Zoe Craig5 Other Clothes Collections We Don't Want To See At The V&A
Following today's news that the V&A has turned down Maggie Thatcher's old dresses, we consider some other clothes collections we definitely don't want to see at the museum.
In its "thanks-but-no-thanks" statement, the V&A said, "The museum is responsible for chronicling fashionable dress." Stand down, Jeremy Corbyn; we don't think we want to see your old togs either.
Mr Bell, successful UNICEF Ambassador, former war reporter and independent politician. Maybe his varied career was a direct response to his decidedly uninventive wardrobe. The V&A clothing collection includes examples of 'outstanding aesthetic quality'. The 'man in the white suit' probably doesn't need to worry about preserving his myriad slightly crumpled jackets for the benefit of future generations.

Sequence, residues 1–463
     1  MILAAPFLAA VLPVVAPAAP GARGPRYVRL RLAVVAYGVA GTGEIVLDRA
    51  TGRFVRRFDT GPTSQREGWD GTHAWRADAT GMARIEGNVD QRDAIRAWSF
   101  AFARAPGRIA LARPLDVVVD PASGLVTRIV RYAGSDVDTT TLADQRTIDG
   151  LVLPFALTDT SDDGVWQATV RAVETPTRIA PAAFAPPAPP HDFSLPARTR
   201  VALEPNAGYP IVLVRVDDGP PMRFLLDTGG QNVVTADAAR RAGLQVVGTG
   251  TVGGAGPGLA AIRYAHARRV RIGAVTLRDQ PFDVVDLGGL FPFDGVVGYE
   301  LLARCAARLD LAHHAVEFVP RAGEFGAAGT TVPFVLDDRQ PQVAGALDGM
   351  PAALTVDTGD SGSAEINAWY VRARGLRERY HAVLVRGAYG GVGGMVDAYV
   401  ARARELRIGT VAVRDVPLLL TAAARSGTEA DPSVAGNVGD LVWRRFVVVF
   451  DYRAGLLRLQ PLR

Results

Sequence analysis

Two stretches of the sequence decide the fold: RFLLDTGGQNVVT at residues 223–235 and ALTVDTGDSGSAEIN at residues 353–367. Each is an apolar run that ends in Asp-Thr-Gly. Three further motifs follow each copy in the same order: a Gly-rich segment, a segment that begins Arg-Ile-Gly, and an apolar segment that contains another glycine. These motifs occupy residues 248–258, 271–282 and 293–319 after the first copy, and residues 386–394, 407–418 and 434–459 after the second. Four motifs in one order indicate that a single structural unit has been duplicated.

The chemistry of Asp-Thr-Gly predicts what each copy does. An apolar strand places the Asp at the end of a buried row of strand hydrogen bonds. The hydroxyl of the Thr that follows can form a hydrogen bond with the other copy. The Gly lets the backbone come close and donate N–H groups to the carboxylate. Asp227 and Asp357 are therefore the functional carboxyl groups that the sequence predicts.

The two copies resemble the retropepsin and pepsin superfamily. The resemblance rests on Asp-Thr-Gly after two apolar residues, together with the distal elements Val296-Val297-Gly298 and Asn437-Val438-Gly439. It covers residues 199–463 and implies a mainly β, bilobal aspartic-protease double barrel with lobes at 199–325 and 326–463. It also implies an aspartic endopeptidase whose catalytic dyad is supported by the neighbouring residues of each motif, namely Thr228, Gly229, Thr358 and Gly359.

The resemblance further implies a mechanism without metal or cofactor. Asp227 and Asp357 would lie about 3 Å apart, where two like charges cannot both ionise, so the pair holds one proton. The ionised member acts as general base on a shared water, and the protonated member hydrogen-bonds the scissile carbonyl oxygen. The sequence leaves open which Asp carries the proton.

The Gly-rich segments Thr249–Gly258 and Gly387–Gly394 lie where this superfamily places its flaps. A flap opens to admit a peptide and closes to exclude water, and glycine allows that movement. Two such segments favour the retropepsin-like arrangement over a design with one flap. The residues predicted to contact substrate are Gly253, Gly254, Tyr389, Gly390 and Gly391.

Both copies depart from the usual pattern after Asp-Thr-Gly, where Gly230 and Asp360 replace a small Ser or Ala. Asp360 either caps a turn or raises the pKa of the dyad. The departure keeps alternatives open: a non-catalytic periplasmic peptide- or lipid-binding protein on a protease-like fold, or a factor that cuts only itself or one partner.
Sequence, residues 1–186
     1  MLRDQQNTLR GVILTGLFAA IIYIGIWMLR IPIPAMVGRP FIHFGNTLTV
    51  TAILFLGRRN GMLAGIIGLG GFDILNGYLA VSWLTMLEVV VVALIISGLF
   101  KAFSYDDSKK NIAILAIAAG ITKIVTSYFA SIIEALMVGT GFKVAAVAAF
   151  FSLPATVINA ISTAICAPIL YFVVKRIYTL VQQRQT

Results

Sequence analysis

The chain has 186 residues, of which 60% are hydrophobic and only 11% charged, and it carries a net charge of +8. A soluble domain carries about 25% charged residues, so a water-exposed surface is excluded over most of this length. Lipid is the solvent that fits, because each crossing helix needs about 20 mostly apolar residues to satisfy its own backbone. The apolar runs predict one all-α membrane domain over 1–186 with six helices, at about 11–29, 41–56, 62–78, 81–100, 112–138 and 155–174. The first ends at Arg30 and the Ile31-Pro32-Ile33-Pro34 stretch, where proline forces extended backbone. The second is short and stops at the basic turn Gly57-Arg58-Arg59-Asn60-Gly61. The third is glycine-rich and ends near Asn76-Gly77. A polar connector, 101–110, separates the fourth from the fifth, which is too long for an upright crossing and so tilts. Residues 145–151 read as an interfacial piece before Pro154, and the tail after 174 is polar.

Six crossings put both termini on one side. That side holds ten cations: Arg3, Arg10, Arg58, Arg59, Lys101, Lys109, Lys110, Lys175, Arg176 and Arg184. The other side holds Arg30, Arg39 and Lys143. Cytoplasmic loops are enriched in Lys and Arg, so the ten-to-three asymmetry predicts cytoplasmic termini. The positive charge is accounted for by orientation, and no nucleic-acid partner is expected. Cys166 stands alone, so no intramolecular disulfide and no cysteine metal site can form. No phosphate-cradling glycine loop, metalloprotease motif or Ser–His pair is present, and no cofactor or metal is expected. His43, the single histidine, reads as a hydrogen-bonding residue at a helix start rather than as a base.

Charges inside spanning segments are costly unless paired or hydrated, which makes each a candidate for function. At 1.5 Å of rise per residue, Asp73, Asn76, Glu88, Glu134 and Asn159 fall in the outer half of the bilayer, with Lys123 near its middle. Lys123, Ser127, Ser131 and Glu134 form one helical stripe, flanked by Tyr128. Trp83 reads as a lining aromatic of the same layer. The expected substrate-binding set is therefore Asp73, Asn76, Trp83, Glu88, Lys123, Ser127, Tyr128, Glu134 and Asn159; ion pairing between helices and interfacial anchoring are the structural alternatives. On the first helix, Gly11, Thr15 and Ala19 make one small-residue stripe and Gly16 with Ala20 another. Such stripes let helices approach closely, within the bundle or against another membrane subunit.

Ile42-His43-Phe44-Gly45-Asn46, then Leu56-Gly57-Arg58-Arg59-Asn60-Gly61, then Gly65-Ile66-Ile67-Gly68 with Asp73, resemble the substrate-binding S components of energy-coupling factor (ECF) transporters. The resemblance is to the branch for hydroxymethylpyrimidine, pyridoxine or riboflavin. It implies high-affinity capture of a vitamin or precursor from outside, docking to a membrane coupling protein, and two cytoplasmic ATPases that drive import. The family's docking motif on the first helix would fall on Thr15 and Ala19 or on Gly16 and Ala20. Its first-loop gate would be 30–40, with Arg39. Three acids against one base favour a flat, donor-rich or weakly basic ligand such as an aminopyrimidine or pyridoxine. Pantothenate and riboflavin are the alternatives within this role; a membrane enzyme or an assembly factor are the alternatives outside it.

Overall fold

A successful woman, doing a job, representing a constituency in parliament. Were we interested in what she was wearing? Did it make her better or worse at being an MP? Of course, as Britain's first female prime minister, Thatcher remains of historical interest in terms of this country's socio-political history. But as a clothes horse, not so much. Kudos to the ever-brilliant V&A for recognising there's no intrinsic value to a collection of shirts simply because they'd been worn by someone with two X chromosomes.
And one we do:
Always dapper in his bespoke Savile Row suits, down to his embroidered socks, Churchill's clothing surely fits the V&A's criteria for technical quality. And he 'invented' the onesie. Bring on the Churchill Clothes Show!
Here are some things you DO want to see in London's museums: